This is from a post by jt20194 in another thread "Reef ready is fine with a planted tank. I prefer the sump for the many things you can do with it. Take a look at my thread on page two and youíll see how I use it in my Tenecor. I also explain why which I'll highlight here. My next tank is going to be much larger and Iíll use the same approach. In so far as CO2 loss, the biggest loss isnít from the sump if you inject your CO2 as the final stage to your outflows, it is from the overflow. The fix in the overflow is easyÖ use a Durso standpipe or equivalent shown in the diagram below (5). Accordingly, the water does not cascade down the overflow causing additional loss. In truth, I would argue that by directing the outlets so the water flow circulates towards the bottom then flows up to overflow your plants will get a nice dosage of CO2 before it gets flushed by the sump. Finally, depending on the type of sump, if you can change the water level in the sump to minimize the surface agitation, this will further reduce CO2 loss. I have a two 10lb CO2 bottles to ensure I have an immediate replacement. If properly sealed, my CO2 bottles last about 5 months each before having to refill and that is with a 100gal tank. I find too often that more CO2 is lost because of poor seals than lost by water surface turbulence. Once I started using good seals my CO2 bottles lasted much longer."

Ah, and I found that post by Tom Barr who does actually post on here quite a bit and is pretty respected in the planted tank world and runs http://www.barrreport.com/
which has some great info!

here is the clip from his post on this subject.. "CO2 is NOT lost from the wet dry section in the sump if the section is sealed. Tape the air vents etc.
The CO2 is degassed and then resorbed.

Essentially the wet dry filter becomes a giant CO2 reactor.
Some have added CO2 instead of air.
Bacteria use the O2 and respire CO2 in these filters, so the loss is minimal.

The main source of CO2 loss with wet drys are actually in the over flows.
Reducing the distance the water falls into the over flow is wise(2-3" drop is fine) and using a duro or a stockman stand pipe will solve the noise and CO2 loss issue also.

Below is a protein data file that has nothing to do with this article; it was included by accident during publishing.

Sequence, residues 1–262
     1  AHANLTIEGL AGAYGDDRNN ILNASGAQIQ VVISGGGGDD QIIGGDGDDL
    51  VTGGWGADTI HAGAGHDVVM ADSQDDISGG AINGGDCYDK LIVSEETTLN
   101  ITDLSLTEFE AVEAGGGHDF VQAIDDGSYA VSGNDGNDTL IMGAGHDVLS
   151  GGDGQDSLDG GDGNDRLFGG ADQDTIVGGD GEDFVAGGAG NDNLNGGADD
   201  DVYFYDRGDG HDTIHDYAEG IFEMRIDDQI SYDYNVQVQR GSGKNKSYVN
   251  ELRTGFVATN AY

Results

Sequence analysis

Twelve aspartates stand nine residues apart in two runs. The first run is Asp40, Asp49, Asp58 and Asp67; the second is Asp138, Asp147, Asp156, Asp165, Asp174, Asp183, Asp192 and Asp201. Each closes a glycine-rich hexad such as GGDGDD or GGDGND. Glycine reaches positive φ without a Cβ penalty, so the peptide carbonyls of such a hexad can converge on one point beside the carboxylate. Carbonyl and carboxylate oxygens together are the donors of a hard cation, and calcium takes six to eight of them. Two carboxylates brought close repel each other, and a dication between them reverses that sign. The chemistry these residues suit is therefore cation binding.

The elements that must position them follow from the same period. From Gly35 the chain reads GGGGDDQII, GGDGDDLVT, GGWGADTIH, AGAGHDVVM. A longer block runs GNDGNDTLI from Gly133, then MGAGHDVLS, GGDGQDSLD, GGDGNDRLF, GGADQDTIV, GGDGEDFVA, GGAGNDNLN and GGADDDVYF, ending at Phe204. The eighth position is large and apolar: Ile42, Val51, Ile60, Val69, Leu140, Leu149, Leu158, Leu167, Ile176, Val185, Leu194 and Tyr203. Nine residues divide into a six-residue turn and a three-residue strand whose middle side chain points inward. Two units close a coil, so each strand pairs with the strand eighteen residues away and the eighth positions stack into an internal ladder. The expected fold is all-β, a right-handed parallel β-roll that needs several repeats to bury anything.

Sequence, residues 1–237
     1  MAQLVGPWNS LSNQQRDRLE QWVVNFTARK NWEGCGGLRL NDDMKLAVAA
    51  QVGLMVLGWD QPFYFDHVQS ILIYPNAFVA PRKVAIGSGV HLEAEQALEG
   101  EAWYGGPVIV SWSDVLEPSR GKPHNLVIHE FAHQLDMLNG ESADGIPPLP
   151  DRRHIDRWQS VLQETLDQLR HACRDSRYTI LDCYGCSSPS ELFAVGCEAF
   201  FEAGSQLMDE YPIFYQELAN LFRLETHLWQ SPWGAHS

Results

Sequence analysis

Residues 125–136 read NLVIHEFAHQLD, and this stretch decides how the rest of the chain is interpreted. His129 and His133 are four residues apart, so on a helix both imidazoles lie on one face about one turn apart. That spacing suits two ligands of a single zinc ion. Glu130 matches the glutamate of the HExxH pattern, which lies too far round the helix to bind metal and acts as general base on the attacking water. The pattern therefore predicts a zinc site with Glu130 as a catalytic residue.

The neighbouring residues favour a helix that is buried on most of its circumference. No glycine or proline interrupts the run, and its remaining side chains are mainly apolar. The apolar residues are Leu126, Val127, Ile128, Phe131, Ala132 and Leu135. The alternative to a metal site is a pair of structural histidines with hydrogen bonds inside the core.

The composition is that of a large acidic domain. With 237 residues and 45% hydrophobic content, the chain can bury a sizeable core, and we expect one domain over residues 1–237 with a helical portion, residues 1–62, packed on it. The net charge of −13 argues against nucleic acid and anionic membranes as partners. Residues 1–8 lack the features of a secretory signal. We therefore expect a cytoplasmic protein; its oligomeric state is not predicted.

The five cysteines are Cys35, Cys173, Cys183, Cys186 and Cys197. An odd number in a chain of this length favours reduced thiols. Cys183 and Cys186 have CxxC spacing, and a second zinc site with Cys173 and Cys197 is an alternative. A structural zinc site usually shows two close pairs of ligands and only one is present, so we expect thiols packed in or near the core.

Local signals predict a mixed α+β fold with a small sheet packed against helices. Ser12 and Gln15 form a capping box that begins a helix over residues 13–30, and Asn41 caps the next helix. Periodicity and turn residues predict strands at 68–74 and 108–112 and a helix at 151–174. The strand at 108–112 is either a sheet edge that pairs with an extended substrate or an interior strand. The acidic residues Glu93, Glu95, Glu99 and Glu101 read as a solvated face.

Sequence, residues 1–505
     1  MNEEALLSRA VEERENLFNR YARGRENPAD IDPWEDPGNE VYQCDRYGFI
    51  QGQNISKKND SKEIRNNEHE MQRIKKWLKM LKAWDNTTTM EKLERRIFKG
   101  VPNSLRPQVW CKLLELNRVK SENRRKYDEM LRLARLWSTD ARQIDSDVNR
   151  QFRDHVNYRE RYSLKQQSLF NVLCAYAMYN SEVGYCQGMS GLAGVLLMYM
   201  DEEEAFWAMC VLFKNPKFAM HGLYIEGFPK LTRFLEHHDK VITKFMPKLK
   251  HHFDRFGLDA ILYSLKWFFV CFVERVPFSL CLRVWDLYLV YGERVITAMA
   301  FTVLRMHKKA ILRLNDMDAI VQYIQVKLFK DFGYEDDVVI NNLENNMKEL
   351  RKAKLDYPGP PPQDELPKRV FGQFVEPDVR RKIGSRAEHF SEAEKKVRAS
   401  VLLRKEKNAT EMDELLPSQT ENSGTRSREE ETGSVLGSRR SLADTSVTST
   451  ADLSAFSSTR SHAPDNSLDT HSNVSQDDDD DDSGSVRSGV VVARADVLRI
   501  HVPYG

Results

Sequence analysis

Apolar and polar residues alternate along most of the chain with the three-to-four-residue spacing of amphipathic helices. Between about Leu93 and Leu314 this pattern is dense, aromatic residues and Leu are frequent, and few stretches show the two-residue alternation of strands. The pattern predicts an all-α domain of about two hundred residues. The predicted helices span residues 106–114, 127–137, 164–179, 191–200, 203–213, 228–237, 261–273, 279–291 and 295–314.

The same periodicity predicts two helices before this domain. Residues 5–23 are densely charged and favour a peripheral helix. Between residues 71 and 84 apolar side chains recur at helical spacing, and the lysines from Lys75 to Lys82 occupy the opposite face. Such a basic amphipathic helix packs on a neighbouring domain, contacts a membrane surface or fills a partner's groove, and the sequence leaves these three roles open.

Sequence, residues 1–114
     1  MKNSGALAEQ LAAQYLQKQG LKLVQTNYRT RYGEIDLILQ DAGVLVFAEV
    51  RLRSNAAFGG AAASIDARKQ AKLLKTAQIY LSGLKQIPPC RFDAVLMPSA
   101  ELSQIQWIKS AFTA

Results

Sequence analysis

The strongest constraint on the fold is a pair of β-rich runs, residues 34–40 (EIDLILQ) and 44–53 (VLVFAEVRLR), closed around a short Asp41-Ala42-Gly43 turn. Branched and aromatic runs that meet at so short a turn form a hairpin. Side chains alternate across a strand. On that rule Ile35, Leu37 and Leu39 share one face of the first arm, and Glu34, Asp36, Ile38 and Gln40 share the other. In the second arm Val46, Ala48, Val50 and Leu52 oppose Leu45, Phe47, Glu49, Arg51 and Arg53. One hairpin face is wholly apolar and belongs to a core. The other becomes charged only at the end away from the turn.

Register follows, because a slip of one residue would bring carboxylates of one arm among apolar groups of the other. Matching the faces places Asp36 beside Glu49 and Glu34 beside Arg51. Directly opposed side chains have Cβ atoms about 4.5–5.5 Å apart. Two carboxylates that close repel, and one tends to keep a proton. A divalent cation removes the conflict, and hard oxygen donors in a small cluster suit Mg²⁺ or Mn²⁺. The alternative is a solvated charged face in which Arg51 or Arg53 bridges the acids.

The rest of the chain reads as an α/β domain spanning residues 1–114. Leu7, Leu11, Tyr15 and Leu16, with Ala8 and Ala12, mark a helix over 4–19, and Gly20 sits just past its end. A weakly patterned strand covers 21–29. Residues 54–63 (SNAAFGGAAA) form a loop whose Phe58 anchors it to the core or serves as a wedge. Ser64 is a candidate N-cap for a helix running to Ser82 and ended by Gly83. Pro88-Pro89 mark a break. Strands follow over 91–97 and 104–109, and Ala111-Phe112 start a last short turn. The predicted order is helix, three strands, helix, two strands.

George Booth, myself and Steve Dixon all did independent test and confirmed these findings back many years ago on the APD if you are interested.

regards,
Tom Barr"


These posts have convinced me to continue on with planning on using sump type filtration! Hope all this helps! - Josh

sorry about the long reply!
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post #5 of 7 (permalink) Old 06-23-2007, 05:23 PM Thread Starter
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Originally Posted by mrbelvedere View Post
You're in Canada, which means you have access to Tropica plants. Use that privilege.

Root tabs are unnecessary. They mostly just supply micronutrients anyway. They can be helpful for root feeding plants such as Cryptocoryne, Echinodorus, etc.

Why not use Aquasoil instead? Flourite works (I've grown lots of difficult plants in Fluorite), but Aquasoil is the future of planted aquaria.

You could use the sump, but it isn't necessary at all, and could outgas your CO2. Everything can just be plumbed inline with your canister(s) anyway.
yeah, but i'm in calgary canada. there ain't much in the city here for plants. I had a look at the various stores that have tropica plants, and it's very slim pickings. And they sell them for a whopping $10 a plant! that's why I was going to do mail order through aquariumplants.com. they have a canadian distribution center so I don't have to pay an extra american duty of $85 for the live order. Even with shipping it'd work out to $3 a plant, and it'd be better plants than I can get in canada.

so going with the aquariumplants order, would 120 plants be too many? I'm thinking of disconnecting the sump, because I already have an auto-top off unit for water top off, so I won't have to worry about the water level going up & down.

There's not much available in Canada here. I can order some stuff for cheaper from J&L aquatics in vancouver, but most of it's reef oriented. One good thing about living in Calgary is we have one of the best LFS stores to get fish from in canada, though, and it's only 5 minutes from my house . People road trip 3 hours to buy stuff from this store...